Incentivizing accessible web content: Cost matters

Many institutions of higher education are striving to incentivize web accessibility in cost-effective ways.  GOALS staff at Utah State University are conducting the first known cost study of web accessibility in postsecondary education by holding focus groups with institutions of higher education around the country.  These focus groups will lead to the development of surveys and other data measures to get at issues of cost for each institution participating in the cost study.   Eventually 12 institutions will volunteer to participate in this ground breaking cost study that will result in case studies describing current costs of activities underway to improve web accessibility for students, faculty and other users.

Below are two interesting strategies we recently heard about during one of our focus groups.  Suffice it to say we are collecting a number of cost efficiencies and fabulous practices.  We’ll  be sure to share more of them in the future.

  1. One strategy being used is to make sure the student workforce can contribute to the institution’s accessibility efforts.  This institution provides free training to any student who wants to learn about web accessibly for any reason.  These students earn a certificate of completion when they successfully demonstrate accessibility knowledge and skills. These certificates happen to be required for a student to be hired for any on-campus web development job. The practice reduces inaccessibility errors of new hires and reduces the need for accessibility to be learned on the job. The certificate is so desirable that students are achieving 100% job placement in web related jobs on-campus.  Similar training is offered to faculty and staff for $150 per class.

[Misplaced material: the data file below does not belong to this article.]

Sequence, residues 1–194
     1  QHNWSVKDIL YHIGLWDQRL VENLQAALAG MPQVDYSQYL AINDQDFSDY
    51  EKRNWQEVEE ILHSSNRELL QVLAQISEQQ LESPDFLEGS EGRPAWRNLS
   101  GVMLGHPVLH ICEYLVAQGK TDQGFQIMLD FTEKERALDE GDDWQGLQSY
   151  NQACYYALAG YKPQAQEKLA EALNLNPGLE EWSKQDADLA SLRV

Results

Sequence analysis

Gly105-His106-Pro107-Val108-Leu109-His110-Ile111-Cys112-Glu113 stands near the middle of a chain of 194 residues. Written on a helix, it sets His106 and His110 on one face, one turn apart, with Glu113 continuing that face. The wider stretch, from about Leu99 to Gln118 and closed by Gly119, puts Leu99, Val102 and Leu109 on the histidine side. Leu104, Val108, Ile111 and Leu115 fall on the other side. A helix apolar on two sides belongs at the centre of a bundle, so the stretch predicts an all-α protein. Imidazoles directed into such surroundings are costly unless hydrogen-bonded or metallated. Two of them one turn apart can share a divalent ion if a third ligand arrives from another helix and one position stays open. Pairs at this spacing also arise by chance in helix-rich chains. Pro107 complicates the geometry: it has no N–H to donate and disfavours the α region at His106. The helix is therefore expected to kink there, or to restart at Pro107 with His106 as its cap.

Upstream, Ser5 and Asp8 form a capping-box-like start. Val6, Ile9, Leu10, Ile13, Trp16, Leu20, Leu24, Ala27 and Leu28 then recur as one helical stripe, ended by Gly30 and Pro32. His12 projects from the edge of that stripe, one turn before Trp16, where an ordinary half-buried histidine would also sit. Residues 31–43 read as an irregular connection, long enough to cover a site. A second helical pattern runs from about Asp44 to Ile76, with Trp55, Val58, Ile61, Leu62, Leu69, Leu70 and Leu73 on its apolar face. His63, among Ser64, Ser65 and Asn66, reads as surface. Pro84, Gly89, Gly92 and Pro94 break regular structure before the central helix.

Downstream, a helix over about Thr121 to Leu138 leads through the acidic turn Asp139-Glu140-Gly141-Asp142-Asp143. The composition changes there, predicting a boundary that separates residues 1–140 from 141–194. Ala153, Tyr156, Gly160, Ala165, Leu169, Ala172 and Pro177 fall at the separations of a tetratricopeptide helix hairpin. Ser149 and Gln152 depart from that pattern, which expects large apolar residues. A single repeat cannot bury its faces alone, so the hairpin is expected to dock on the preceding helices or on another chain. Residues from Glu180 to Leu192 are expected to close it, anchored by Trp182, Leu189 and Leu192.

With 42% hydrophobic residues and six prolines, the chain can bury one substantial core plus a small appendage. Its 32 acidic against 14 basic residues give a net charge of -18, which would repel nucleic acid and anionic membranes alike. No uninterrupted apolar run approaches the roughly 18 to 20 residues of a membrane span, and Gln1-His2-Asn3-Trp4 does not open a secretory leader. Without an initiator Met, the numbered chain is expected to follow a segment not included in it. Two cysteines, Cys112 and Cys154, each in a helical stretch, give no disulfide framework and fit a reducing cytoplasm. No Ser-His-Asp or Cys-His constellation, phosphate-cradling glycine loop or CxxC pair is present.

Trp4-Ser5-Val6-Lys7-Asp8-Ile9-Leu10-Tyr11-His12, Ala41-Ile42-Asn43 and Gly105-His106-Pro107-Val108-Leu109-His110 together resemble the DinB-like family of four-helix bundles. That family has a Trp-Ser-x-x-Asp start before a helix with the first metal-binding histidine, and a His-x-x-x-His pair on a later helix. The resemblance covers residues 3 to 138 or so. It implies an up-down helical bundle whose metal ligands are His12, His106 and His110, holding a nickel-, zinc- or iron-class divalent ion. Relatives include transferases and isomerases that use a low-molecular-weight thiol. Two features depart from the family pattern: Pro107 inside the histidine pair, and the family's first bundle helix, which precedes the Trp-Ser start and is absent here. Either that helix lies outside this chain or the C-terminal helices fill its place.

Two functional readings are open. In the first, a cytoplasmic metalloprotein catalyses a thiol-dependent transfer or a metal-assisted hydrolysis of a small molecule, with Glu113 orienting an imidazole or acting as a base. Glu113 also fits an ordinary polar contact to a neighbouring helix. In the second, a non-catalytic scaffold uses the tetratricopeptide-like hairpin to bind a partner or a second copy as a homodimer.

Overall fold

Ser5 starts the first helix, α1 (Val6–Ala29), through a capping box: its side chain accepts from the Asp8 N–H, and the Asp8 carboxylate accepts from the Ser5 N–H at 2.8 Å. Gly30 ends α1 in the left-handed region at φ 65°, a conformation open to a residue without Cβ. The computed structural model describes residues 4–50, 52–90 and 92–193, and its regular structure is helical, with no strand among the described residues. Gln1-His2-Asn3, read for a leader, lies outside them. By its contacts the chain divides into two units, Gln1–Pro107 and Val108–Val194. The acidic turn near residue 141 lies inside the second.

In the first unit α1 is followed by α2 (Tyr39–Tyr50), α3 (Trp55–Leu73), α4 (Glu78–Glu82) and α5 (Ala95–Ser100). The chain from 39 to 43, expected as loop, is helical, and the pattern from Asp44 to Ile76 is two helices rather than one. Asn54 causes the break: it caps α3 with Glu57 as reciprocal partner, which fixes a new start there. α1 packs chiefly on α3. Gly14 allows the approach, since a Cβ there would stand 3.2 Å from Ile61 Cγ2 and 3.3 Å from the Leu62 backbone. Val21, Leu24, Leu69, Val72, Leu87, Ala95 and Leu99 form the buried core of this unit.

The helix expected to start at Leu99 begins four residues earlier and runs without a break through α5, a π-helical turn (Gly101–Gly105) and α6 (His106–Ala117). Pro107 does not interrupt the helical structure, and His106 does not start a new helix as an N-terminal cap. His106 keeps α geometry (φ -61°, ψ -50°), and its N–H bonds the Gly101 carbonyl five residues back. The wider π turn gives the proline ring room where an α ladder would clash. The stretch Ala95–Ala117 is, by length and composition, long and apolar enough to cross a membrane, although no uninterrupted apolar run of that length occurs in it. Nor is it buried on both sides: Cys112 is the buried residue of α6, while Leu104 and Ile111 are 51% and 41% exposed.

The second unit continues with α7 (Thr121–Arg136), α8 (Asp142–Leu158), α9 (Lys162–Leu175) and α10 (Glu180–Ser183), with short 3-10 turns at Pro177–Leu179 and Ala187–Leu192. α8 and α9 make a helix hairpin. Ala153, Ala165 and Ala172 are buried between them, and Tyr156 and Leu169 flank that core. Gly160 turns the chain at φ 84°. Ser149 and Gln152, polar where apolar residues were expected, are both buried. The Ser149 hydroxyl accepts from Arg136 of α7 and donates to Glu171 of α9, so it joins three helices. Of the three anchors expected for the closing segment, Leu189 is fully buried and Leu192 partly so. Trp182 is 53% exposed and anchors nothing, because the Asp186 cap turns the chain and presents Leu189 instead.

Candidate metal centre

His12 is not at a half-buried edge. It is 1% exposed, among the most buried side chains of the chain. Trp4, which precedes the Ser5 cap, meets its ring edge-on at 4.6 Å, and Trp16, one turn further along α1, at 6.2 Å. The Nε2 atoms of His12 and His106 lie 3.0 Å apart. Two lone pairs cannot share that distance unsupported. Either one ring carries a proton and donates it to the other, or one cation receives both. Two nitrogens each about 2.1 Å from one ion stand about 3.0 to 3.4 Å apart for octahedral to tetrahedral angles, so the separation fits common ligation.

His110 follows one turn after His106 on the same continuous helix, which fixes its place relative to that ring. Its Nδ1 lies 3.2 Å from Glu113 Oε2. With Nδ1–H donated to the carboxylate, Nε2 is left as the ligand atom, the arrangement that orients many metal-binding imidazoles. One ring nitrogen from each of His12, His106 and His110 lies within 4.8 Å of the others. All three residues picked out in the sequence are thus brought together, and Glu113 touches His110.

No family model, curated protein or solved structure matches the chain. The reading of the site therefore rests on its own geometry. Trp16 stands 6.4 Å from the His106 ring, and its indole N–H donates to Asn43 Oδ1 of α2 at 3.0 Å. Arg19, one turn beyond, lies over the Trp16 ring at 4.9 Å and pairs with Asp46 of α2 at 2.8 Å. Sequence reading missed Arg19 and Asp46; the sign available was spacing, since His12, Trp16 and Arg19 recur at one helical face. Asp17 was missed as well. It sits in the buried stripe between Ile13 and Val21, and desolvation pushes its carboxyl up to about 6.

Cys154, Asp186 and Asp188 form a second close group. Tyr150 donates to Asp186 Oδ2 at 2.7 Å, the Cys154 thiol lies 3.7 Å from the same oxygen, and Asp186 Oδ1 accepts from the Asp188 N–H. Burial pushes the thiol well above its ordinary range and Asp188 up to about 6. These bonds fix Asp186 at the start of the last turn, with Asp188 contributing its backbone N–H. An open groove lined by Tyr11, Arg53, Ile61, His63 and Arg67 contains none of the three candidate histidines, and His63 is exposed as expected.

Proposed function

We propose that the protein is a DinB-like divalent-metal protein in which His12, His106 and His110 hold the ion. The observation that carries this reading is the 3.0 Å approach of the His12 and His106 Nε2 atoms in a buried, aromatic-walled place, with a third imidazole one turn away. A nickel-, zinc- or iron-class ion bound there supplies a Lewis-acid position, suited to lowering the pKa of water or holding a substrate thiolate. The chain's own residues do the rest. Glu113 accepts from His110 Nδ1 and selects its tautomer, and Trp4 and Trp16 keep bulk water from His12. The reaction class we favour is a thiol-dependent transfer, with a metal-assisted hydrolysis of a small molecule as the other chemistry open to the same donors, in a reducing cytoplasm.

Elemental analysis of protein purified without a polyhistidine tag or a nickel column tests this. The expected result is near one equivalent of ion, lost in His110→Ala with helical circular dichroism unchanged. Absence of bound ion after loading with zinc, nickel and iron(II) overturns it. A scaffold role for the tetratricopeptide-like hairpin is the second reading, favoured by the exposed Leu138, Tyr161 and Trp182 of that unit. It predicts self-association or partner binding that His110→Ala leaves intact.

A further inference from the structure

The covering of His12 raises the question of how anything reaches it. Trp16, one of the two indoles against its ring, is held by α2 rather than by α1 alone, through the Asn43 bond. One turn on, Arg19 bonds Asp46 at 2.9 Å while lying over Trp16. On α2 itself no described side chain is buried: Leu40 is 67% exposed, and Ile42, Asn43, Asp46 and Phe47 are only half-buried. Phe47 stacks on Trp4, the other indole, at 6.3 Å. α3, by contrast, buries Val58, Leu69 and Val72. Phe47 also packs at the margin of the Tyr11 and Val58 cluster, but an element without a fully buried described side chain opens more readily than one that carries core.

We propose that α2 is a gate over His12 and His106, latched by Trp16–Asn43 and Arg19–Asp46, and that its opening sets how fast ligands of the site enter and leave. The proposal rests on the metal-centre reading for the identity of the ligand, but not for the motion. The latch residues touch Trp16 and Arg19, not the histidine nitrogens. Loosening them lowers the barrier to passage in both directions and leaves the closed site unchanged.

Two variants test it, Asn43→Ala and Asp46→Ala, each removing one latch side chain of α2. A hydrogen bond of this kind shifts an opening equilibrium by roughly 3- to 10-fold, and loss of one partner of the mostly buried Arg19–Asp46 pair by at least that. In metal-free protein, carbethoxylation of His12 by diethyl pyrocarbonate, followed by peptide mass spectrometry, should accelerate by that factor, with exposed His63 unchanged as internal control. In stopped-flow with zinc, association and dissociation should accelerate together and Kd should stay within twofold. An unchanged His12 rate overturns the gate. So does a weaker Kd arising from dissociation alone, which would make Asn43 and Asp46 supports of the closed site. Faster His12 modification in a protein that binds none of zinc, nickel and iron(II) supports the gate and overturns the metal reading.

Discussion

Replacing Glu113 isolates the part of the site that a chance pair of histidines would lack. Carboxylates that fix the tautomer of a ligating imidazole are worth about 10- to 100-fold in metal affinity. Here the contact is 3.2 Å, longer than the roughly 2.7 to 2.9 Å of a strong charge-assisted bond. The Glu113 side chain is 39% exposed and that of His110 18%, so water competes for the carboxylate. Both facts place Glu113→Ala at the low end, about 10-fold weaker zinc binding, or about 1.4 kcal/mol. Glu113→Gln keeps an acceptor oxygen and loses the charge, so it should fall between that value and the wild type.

2. Another strategy that has incentivized accessibility comes from an institution who already had a clear policy on web accessibility, along with training systems and supports for staff.  They had struggled with conformance to the policy by faculty and staff.  Their current strategy is that whenever inaccessible content is reported (e.g., a student can’t gain access to needed content and reports this to the Disability Service Office – DSO), the transformation is quickly made by a team within central IT and the DSO and the resulting bill is submitted to the office of the Dean of that particular college.  While the Dean will take needed funds out of the college’s operating budget, it occasions a discussion with the chair of that particular department or unit regarding the charge to the college. The choice to run these charges through the Dean’s office instead of directly to the department or unit has greatly reduced accessibility problems and increased conformance to the policy across the institution. Colleges are learning that if departments within their college put web content up that is not accessible they will be billed for retrofitting or adaptions later.  Colleges and departments are learning the value of creating accessibly from the beginning.

Have you heard of other strategies that use cost or funding efficiencies to incentivize web accessibility?  We’d love to hear about them!